LICENCE TO PAY

Fines, damages, interest and court costs can add up quickly, as you can see from this range of judgements in the Federal Magistrates Court where venues and retail outlets have breached public performance copyrights.

PPCA v Evermore Entertainment
T/A Nevermind Nightclub, Sydney
Federal Circuit Court, April 2013
Sound recordings played in public without licence
Damages $57,122
Fine $200,000
Interest $4754
Court costs $8200

PPCA v The Martini Lounge & Nightclub
T/A The Martini Lounge, Carlton
Federal Magistrates Court, January 2013
Sound recordings played in public without licence
Damages $15,212
Fine $138,137
Interest $2250
Court costs $8200

PPCA v Advanced Body & Beauty Care
T/A Advanced Body & Beauty Care, Leichhardt and Parramatta
Federal Magistrates Court, June 2012
Sound recordings played in public without licence
Damages $542
Fine $50,000
Court costs $8200

PPCA v Camilleri
T/A X on Albert, Sebastopol
Federal Magistrates Court, February 2012
Music played from jukebox without licence
Fine $30,000
Court costs $8200

PPCA v Jabouri Brothers
T/A Voodoo Clothing chain, NSW
Federal Magistrates Court, October 2011
Sound recordings played in public without licence
Damages $1844
Fine $30,000
Court costs $8200


WHO’S WHO

The Australasian Performing Rights Association (APRA) administers the public performance rights of more than 73,000 composer, songwriter and music publisher members in Australia and New Zealand. Public performances music include music used in pubs, clubs, fitness centres, shops, cinemas and festivals, where performed live, via recordings, or played on radio or television. Communication of music also includes music used for music-on-hold, accessed over the internet or used by broadcasters.

The Australasian Mechanical Copyright Owners Society (AMCOS) collects and distributes royalties for the reproduction of its nearly 11,000 members’ musical works for purposes including the manufacture of CDs, music videos and DVDs, digital downloads and the same of mobile phone ringtones, the use of production music and the making of radio and television programmes. AMCOS’s day-to-day operations are managed by APRA.

The Phonographic Performance Company of Australia (PPCA) grants licences for the broadcast, communication or public playing of recorded music (eg. CDs, records and digital downloads) or music videos. The fees are then distributed to the record labels and Australian recording artists.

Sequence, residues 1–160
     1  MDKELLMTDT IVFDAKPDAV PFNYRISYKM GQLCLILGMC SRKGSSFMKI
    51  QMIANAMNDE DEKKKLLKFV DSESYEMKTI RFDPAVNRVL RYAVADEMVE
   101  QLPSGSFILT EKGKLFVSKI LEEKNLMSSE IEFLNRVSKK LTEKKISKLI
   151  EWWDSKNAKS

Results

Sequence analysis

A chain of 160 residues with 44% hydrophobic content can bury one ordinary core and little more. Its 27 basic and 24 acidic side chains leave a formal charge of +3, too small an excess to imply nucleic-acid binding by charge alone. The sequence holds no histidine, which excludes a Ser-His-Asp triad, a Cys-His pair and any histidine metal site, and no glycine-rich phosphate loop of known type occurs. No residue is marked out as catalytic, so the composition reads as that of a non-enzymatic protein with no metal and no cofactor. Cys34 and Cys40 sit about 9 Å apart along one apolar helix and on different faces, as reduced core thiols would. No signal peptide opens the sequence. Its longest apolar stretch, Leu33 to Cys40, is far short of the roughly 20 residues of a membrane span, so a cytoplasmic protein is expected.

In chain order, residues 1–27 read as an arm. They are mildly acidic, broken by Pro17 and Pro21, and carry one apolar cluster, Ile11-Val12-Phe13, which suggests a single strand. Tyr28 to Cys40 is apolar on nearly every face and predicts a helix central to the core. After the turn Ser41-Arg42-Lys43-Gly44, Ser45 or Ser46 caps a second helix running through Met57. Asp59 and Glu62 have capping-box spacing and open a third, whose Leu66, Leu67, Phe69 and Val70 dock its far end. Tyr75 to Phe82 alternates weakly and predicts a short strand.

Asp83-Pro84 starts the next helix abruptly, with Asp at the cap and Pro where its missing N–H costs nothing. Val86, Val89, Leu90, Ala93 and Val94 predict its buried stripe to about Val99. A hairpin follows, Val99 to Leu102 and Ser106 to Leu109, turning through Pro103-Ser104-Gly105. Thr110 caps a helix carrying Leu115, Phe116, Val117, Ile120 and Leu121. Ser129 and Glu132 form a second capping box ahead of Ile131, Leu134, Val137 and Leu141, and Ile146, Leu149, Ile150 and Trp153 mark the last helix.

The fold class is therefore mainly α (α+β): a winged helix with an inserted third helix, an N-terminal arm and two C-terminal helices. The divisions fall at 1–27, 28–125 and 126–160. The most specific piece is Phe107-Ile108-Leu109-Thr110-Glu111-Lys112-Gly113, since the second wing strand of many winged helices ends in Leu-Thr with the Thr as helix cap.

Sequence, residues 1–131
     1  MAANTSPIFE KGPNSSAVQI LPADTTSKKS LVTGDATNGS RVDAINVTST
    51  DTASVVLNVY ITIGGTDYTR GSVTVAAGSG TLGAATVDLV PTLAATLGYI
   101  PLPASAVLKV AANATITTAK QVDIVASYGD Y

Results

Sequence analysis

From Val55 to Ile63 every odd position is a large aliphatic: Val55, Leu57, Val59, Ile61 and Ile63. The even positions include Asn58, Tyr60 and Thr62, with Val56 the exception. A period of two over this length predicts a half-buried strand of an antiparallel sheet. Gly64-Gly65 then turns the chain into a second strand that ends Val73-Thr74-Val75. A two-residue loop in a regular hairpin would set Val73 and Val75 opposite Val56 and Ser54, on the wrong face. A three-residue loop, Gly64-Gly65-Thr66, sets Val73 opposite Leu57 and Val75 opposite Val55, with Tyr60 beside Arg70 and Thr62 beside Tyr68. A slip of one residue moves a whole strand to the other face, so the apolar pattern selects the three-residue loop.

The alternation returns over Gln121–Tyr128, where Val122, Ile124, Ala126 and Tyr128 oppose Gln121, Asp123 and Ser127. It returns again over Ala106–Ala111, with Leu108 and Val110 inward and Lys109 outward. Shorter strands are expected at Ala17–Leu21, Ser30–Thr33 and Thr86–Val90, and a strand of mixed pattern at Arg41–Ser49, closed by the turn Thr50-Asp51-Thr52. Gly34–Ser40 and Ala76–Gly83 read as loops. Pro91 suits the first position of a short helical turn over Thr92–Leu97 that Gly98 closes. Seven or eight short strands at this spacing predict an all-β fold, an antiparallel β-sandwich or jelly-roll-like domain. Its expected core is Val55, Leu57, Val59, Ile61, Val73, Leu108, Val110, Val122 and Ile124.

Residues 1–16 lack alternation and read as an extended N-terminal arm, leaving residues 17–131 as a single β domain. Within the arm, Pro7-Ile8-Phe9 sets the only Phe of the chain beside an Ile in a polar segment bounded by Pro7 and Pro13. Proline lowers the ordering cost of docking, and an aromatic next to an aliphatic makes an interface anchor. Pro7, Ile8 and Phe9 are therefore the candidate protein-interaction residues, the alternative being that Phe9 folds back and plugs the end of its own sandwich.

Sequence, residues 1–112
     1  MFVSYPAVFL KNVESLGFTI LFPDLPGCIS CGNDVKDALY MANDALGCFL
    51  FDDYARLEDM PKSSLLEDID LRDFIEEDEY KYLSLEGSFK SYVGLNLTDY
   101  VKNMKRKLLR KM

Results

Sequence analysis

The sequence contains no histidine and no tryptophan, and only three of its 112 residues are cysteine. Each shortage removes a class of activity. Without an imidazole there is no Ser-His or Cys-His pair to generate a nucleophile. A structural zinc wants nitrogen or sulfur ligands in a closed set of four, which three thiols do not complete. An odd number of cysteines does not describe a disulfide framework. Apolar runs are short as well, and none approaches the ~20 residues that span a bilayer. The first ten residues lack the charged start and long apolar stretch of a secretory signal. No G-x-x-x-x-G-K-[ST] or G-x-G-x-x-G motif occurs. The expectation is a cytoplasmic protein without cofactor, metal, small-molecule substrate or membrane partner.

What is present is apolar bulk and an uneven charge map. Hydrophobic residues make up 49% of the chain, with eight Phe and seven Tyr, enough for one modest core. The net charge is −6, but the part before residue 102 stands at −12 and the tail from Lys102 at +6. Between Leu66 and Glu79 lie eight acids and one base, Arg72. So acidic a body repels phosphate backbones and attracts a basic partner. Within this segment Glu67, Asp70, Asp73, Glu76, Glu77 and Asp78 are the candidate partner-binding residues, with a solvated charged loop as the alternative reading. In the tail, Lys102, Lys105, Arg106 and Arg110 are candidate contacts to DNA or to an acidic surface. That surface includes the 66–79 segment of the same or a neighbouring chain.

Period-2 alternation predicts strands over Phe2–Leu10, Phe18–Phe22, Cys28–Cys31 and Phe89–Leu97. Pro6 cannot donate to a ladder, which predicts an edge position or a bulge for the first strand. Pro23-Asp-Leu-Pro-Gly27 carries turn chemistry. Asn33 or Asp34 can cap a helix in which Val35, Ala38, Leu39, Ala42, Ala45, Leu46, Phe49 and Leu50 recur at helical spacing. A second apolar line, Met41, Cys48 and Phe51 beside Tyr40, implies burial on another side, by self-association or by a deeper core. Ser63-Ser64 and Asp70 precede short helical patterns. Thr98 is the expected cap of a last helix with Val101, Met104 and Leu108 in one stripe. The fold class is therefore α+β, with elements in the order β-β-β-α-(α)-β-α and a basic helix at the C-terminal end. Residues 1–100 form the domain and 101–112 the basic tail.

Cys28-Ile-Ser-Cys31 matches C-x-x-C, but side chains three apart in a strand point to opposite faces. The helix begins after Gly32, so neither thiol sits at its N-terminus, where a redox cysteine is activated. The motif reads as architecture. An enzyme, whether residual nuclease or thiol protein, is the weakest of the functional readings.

The Australian Recording Industry Association (ARIA) represents more than 100 members. It is able to grant blanket licences for the reproduction of sound recordings in certain circumstances, such as licences for background music suppliers in Australia who need to make copies of music recordings to supply to commercial premises.

Music Rights Australia represents more than 70,000 songwriters and music publishers through their association with AMCOS and more than 125 record labels through ARIA. Originally an anti-piracy unit, its main function now is to protect the copyright interests of artists in the Australian music community through education and advocacy, and government lobbying. The organisation also has a Report Piracy function on their website to report copyright breaches.

Roadshow Public Performance Licensing is Australasia’s largest non-theatrical film distributor and offers licences to screen films in schools, churches, hotels, clubs, restaurants and outdoor events and more. It represents most major studios and independent distributors including Fox, Warner Bros, Icon, Palace Films, Paramount, Pinnacle, Roadshow, MGM, Studiocanal, Disney, Hopscotch, Sony, Universal, Madman, and Umbrella Entertainment.

The Australian Copyright Council represents the peak bodies for professional artists and content creators working in Australia’s creative industries, and the major copyright collecting societies. It provides information, legal advice, education and forums on Australian copyright law for creators and consumers.

The Copyright Tribunal of Australia is administered by the Federal Court of Australia, and acts as an independent arbiter in setting and reviewing copyright licence fees and resolving disputes.

MORE INFORMATION

APRA/AMCOS: (02) 9935  7900 or www.apra-amcos.com.au
PPCA: (02) 8569 1100 or www.ppca.com.au
ARIA: (02) 8569 1144 or www.aria.com.au
Music Rights Australia: (02) 8569 1177 or www.musicrights.com.au
Roadshow Public Performance Licensing: (02) 9552 8685 or www.roadshowppl.com.au
Australian Copyright Council: (02) 8815 977 or www.copyright.org.au
Copyright Tribunal of Australia: (02) 9230 8567 or www.copyrighttribunal.gov.au